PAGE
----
Lean Process Implementation for Biopharma Sites
With an alarming rise in coronavirus cases worldwide, there is a significant need for large-scale vaccine production and distribution. In this time of high demand, implementing lean principles into our manufacturing processes can ensure faster and smarter vaccine production.
Since the onset of COVID-19, numerous companies have entered the race to develop a vaccine against public enemy number one, coronavirus. Currently, there are more than 160 vaccines being developed; 26 are already in human trials.1 Considering the large-scale spread of the virus, and the alarming rate at which individuals are being infected, the need for a vaccine is exceptionally important. After the successful completion of clinical trials and consequent approval of the respective vaccines by the FDA, these companies are likely to scale-up vaccine production in an effort to meet these needs.
During this time of high demand, implementing lean principles into our manufacturing processes is likely to be beneficial, as it would facilitate a faster and smarter vaccine line of production. The Lean Six Sigma approach promotes continuous improvement by utilizing various tools to reduce or eliminate wasteful steps. The goal of this streamlining is to produce and deliver the highest-quality product with the least amount of time invested, cost incurred, and effort required. In order to understand how Lean Six Sigma tools can be used by these companies, it is important to first understand the vaccine manufacturing process.
Although the vaccine manufacturing process may somewhat differ based on the type of vaccine being produced, the overall process consists of similar steps. The process is initiated by the generation of the antigen, which induces an immune response, in a ‘master cell bank,’ from which working cells banks are prepared to be “used as the routine starting culture for production lots.”2 The antigen then needs to be isolated from its growth environment and purified before proceeding to formulation, wherein the components of the final vaccine are combined and mixed in a single vessel.2 Throughout the formulation phase, and the following filling operations, quality control (QC) testing is performed to assess the safety, potency, purity, and sterility of the particular vaccine.2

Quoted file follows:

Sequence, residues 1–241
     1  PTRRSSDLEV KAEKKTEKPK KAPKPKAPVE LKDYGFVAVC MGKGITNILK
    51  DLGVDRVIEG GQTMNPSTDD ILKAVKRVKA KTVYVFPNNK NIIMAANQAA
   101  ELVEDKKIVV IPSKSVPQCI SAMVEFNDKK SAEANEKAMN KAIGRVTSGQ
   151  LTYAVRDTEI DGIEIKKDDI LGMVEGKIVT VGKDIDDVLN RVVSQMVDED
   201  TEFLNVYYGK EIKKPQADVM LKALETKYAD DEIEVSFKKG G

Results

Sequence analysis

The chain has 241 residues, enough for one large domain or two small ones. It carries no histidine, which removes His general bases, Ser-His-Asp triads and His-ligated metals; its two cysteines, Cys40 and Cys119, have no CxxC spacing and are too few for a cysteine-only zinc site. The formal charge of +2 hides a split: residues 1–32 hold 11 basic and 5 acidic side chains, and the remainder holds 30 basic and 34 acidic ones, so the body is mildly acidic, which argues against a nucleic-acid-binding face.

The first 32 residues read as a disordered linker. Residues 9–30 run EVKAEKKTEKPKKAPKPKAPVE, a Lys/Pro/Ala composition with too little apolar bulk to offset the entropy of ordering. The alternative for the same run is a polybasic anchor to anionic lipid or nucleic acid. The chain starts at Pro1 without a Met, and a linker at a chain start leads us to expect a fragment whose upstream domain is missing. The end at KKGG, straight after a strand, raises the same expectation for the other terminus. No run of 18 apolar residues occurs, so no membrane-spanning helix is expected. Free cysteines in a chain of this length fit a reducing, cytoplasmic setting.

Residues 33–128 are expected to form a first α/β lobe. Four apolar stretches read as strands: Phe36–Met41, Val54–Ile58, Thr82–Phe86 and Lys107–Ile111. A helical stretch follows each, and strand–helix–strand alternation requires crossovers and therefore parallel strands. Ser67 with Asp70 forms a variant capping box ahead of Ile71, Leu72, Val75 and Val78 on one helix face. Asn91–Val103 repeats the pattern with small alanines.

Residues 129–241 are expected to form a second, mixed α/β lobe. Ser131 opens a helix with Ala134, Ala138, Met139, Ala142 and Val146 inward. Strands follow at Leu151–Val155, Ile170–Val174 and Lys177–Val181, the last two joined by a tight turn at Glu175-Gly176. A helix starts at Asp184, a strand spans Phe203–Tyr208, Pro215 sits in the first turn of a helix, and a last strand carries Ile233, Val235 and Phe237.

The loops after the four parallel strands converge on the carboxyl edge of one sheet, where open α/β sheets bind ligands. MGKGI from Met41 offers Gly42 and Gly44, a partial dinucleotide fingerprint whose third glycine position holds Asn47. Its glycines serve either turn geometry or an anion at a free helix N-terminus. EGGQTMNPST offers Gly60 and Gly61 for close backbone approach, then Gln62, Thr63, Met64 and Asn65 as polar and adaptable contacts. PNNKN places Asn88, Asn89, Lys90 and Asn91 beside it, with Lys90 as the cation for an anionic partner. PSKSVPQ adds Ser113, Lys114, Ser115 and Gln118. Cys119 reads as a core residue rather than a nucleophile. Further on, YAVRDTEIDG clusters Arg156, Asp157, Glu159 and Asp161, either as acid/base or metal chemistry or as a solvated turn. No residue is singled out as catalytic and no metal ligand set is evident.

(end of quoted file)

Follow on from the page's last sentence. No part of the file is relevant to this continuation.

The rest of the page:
In order to more fully understand how these lean principles can improve manufacturing lines, we will examine the actual implementation of Lean processes at a global vaccine manufacturer’s new bulk manufacturing facility. This new manufacturing site was designed to incorporate Lean strategies, such as a single-direction material flow design, disposable technologies, and manpower reduction, among others.3 Upon further evaluation, senior management and experienced consultants also implemented plans to increase efficiency in their indirect operations. By reducing material costs and QC personnel, the facility benefitted from several improvements including the following: reductions in product testing requirements, decreased engineering efforts, fewer product rejections, improved production yields and enhanced process controls.3
This case study demonstrates that the implementation of a Lean Six Sigma methodology at facilities that will manufacture coronavirus vaccines is likely to improve process efficiency and lead to faster production. This increased speed and efficiency will make it much easier to meet the high demands in a timely manner. The single caution to implementing these lean strategies is related to the vaccine development process. Each site will need a level of individualization due to unique antigen generation, and the resulting manufacturing process tailored to that type of vaccine. Moreover, facility-specific factors such as inventory, non-essential personnel, production flow design, QC testing requirements and staff organization, may also influence what steps are taken to improve process efficiency. After this aforementioned tailoring, relevant Lean strategies can be implemented for these facility-specific factors and within each stage of the vaccine manufacturing process. This approach is sure to assist the companies that will soon be commencing large-scale manufacturing of the respective approved vaccines.